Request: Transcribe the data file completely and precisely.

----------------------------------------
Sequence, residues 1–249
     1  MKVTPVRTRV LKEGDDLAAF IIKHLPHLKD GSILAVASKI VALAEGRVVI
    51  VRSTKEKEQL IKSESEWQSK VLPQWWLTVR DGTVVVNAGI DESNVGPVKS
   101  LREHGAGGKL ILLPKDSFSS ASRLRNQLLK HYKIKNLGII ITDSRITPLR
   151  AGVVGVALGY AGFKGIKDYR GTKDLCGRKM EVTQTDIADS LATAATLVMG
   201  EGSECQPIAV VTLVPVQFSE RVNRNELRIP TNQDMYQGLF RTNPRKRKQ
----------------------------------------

Sequence, residues 1–249
     1  MKVTPVRTRV LKEGDDLAAF IIKHLPHLKD GSILAVASKI VALAEGRVVI
    51  VRSTKEKEQL IKSESEWQSK VLPQWWLTVR DGTVVVNAGI DESNVGPVKS
   101  LREHGAGGKL ILLPKDSFSS ASRLRNQLLK HYKIKNLGII ITDSRITPLR
   151  AGVVGVALGY AGFKGIKDYR GTKDLCGRKM EVTQTDIADS LATAATLVMG
   201  EGSECQPIAV VTLVPVQFSE RVNRNELRIP TNQDMYQGLF RTNPRKRKQ